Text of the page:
Trash. Carbon dioxide. Stress. Bombs. These factors represent human impact on nature. Human beings have a tendency to always want more and destroy as we go.
There are attempts to help the trail we trampled. Recycling lessons have been taught for years to schoolchildren, especially to save our forests. Those forests, however, are above the waterline. Equally important is what lies below — the coral reefs.
Coral reefs contribute nearly $375 billion to our economy each year through goods and services, according to the National Oceanic and Atmospheric Administration. Reefs also protect our land from destruction caused by storms.
But they have been damaged by humans. Often the damage is not visible because most commonly seen are the reefs that are tourist attractions, which are beautiful and colorful. Humans have destroyed reefs by dissolving them, filling them with garbage, bleaching and even bombing them.
Research has shown that a spike in the amount of carbon dioxide in the air has occurred over time. As carbon sinks from the air into the ocean, it joins with water to form carbonic acid. This is known as ocean acidification. When acidification occurs, coral begins to dissolve, according to the Carnegie Institution for Science.
If the acidification continues, the coral reefs will be depleted and no longer serve as coastal barriers to prevent currents from wiping out our coastal lands. The ocean, in the end, will turn against the human race.
In addition to carbon dioxide causing the reefs to dissolve, it is placing stress on the reefs. When carbon dioxide is captured in the atmosphere, it causes the heat from the sun to remain behind, heating the ocean and therefore causing all sorts of changes in the ocean.
All sea life is extremely sensitive to the temperature of the ocean. Heat causes coral polyps in the reef to expel the algae living in them. The algae living in the polyps color the coral, so when the algae is gone, the coral turns white and is now “bleached.” Bleaching weakens the structure of coral and ultimately kills the reefs. Coral bleaching is widespread and occurs in massive amounts due to the large amount of carbon dioxide in the air.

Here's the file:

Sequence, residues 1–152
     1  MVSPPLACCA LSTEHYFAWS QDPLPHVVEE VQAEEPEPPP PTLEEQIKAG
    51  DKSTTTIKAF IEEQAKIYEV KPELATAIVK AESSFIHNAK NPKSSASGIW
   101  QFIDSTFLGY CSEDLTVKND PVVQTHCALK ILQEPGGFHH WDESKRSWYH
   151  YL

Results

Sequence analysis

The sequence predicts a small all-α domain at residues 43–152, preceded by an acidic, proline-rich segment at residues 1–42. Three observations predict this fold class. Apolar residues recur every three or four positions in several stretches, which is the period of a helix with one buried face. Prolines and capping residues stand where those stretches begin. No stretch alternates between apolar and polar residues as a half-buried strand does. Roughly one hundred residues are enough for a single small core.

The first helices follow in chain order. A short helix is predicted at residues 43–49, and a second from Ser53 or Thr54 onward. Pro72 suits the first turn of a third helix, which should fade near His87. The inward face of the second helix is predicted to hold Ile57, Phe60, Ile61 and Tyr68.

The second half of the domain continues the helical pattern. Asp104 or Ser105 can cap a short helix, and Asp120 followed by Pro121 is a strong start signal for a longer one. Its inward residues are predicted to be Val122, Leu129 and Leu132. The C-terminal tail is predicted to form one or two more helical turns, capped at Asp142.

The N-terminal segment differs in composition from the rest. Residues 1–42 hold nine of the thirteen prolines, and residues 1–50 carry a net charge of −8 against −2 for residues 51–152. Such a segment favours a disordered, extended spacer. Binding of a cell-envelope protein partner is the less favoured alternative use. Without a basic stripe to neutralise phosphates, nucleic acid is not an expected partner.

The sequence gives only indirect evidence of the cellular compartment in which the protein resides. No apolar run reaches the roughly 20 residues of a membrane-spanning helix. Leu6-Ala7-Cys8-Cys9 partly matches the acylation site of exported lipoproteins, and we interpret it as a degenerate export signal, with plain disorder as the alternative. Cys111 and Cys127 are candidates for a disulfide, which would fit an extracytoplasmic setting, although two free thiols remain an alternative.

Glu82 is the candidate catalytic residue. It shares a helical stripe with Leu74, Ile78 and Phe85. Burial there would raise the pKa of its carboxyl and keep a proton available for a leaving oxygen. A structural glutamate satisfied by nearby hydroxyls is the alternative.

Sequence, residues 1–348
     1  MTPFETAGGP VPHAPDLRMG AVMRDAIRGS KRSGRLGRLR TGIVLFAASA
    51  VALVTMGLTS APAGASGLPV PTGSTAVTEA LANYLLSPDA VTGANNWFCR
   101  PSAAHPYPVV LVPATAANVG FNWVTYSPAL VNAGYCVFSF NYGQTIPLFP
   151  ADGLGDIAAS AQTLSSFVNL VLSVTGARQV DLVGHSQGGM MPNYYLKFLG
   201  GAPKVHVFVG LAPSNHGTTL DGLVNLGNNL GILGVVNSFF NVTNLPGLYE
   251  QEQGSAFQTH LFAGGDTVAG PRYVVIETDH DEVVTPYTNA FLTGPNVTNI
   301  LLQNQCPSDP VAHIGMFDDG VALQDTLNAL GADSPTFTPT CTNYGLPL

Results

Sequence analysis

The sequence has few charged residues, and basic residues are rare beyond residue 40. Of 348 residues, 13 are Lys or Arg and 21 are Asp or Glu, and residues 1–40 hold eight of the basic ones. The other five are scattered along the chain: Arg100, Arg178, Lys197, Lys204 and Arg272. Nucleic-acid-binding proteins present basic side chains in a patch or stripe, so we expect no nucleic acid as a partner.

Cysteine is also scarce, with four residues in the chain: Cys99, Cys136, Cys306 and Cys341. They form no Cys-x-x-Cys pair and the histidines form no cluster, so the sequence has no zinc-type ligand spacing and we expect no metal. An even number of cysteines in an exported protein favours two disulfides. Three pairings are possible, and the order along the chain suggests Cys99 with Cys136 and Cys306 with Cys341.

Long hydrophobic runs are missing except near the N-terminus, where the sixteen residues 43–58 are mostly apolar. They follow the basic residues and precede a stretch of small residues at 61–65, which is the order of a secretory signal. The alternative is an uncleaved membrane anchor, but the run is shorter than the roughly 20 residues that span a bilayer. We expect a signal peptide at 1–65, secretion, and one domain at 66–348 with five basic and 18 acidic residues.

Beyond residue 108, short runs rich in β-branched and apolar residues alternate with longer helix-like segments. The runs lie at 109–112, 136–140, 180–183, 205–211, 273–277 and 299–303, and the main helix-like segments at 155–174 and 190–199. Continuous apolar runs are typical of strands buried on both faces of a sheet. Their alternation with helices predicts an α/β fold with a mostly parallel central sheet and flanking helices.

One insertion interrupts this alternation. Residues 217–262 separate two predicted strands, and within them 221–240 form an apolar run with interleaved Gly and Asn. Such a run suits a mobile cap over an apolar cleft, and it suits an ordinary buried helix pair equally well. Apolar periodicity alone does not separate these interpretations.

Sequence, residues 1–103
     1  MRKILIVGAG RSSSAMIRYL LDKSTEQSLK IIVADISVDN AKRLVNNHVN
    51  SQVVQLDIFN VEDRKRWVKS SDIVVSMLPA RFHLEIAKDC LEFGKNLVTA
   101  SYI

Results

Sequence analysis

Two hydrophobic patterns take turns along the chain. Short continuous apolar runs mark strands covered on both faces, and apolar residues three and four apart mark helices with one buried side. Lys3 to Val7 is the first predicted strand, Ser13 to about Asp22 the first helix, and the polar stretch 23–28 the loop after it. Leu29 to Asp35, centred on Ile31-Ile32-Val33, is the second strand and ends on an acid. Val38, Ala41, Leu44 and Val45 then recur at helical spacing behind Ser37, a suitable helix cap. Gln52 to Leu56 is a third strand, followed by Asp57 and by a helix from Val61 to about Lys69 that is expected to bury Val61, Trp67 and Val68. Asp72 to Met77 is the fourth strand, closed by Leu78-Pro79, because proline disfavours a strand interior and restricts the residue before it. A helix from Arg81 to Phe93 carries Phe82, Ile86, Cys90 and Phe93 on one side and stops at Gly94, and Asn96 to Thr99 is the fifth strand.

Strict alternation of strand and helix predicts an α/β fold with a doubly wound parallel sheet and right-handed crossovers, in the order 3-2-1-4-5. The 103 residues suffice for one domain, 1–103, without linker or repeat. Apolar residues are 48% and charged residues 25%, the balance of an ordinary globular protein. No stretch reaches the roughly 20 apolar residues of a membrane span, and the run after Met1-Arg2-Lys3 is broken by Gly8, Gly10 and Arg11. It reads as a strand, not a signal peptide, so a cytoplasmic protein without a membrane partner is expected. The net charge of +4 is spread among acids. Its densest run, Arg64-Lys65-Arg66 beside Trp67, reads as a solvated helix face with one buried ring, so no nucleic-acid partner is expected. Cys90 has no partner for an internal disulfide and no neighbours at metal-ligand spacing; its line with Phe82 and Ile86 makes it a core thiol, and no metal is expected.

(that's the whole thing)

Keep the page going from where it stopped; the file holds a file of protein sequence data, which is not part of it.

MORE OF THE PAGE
Drifting garbage throughout the ocean is also a leading contributor. Garbage remnants not only entrap fish but also spill out onto the reefs. The Coral Reef Alliance says that trash spills pollutants or chemicals into the oceans which ultimately “increases the level of nitrogen around coral reefs, causing an overgrowth of algae, which smothers reefs by cutting off their sunlight.” In addition to the damage caused by garbage, lost or discarded fishing nets can snag on reefs and strangle fish and other marine mammals.
Blast fishing is another major contributor to the destruction of reefs. Blast fishing involves the bombing of the reefs to capture fish. The Coral Reef Alliance has released information on exploitative fishing, such as blast fishing. That’s when “fish are killed by the shock waves from the blast and are then skimmed off the surface or collected from the bottom by divers. These explosions not only kill large numbers of fish and other marine organisms in the vicinity, but they also destroy the physical structure of coral reefs.”
Bombs take a big toll on coral reefs by destroying the structure, inhibiting growth of new coral and preventing fish from reproducing. Deterioration of the environment happens quickly with explosive fishing.
The environment is more than just the land, and we need to realize that the ocean is just as important. Once we realize this, we must take into consideration how to keep the ocean thriving to prevent irreversible damage.
If the coral reefs disappear, we not only lose a natural beauty, we lose the structure that protects our coastlines and a variety of fish. Reefs are natural barriers that protect our coastlines from washing out, and they are home to thousands of fish. If we keep releasing carbon dioxide, trash and bombs into the ocean, sooner or later we will lose our beloved reefs.
Monica E. Spatafore is a high school senior at Narraguagus High School in Harrington. She plans to major in marine biology when she attends college in the fall.